Asia markets struggle as growth worries escalate

Asia

Visitors watch share prices at the Tokyo Stock Exchange. The Nikkei 225 closed down 0.5% to 21,638.16 points yesterday.

Uncertainty over the global economy weighed on Asian markets yesterday as the tailwind from the China-US trade ceasefire petered out, with oil prices struggling to claw back the previous day’s hefty losses and safe-haven gold rallying again. While some tensions on trading floors have eased since Donald Trump and Xi Jinping’s proclamation that negotiations were back on, analysts pointed to long-running concerns about weak growth and central banks’ willingness to act. Shanghai was one of the biggest losers after the head of the People’s Bank of China appeared to temper expectations for near-term stimulus measures for the world’s number-two economy. Yi Gang said growth was near potential, interest rates were about right and monetary policy was accommodative enough to absorb various situations.


“Gang sent more hawkish signals by tempering expectations for significant credit growth in (the second half of) 2019” following the positive outcome of the Trump-Xi meeting, said Stephen Innes at Vanguard Markets. “If this is true, it’s horrible for a market that was positioning for a fillip from a PBoC policy response and a noteworthy shift from his dovish remarks just a few weeks ago that there is ‘tremendous room’ for additional policy stimulus in China.” The remarks come soon after data showed factory activity in China continued to shrink in June, adding to worries about the key driver of global growth as economies struggle to deal with the effects of the trade war. Traders are also nervously awaiting the Federal Reserve’s next policy meeting this month, with a 25 basis point cut in borrowing costs largely priced into markets, but with many hoping for double that figure.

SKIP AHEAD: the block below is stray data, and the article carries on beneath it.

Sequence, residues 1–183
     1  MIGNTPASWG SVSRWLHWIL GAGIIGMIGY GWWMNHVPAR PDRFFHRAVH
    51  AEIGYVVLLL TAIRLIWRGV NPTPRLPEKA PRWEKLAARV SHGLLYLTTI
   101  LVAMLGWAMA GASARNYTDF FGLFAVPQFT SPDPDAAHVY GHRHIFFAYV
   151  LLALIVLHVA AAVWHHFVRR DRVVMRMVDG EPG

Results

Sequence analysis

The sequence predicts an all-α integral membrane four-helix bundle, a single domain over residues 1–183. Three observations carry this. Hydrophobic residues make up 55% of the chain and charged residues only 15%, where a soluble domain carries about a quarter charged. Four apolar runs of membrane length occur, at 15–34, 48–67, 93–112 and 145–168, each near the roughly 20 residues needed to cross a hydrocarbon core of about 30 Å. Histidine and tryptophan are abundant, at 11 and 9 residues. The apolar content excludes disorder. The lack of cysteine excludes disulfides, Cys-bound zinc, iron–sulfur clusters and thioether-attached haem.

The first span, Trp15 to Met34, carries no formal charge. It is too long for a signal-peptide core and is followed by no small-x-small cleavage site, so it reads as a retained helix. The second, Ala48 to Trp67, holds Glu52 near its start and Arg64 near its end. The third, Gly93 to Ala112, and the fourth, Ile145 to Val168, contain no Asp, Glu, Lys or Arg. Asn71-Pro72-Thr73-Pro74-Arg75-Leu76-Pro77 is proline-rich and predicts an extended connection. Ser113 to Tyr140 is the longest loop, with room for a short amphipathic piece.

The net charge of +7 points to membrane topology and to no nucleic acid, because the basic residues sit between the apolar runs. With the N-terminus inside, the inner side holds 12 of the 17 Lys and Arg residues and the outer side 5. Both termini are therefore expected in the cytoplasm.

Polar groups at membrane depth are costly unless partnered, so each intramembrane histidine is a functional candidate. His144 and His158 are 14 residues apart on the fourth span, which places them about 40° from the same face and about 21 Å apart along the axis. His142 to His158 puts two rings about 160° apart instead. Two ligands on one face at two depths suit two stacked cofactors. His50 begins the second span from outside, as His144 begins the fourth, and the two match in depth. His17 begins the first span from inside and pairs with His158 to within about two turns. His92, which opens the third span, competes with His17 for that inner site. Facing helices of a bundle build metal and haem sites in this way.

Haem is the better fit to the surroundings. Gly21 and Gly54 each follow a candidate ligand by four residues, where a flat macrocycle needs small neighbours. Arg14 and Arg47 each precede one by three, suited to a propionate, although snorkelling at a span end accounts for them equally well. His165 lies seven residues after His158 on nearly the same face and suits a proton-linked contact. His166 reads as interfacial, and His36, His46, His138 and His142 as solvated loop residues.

The release of US jobs data on Friday is now in investors’ sights, with a weak reading likely to put pressure on the bank to announce slash deep this month. Adding to the sense of dread, Bank of England boss Mark Carney warned of a “widespread” slowdown in the world economy from rising protectionism. His comments came as it emerged that the White House had proposed tariffs on $4bn in European imports over European subsidies for commercial aircraft. “Trade optimism is beginning to fade as the truce with China is not even a week old and the US is looking for its next trade battle,” said OANDA senior market analyst Alfonso Esparza. Hong Kong closed down 0.1%, while Shanghai ended 0.9% lower and Tokyo finished off 0.5%.Singapore fell 0.3%, Seoul dropped 1.2% and Taipei gave up more than 1% with Jakarta 0.5% lower. But Sydney was up 0.5%, while Manila, Mumbai and Bangkok also edged higher.


Gold prices, which fell this week from six-year highs as dealers shifted out of safe assets, resumed its upward trajectory, surging more than 2% yesterday to $1,415 per ounce. And the yield on US Treasury bonds, another go-to staple in times of turmoil, were at their lowest levels since November 2016, another indication of trader anxiety. Oil prices edged up slightly after data showed another drop in US stockpiles, but they were nowhere near biting into the more than 4% falls suffered on Tuesday on demand fears.The commodity has already had a volatile week, having surged on Monday on the back of the announcement by Russia and Saudi Arabia that they will extend their output caps. The move was confirmed by the two and other Opec members at the group’s meeting on Tuesday. “Growth concerns continue to weigh on the crude market and the markets are beginning to query to what extent can Opec+ continue to cut production in sustaining prices,” Howie Lee, an economist at Oversea-Chinese Banking Corp, told Bloomberg News. “Production levels have already been severely reduced and there is limited scope for further supply curbs.” In Tokyo, the Nikkei 225 closed down 0.5% to 21,638.16 points; Hong Kong — Hang Seng ended down 0.1% to 28,855.14 points and Shanghai — Composite closed down 0.9% to 3,015.26 points yesterday.

Sources and photo-credits: AFP, Gulf Times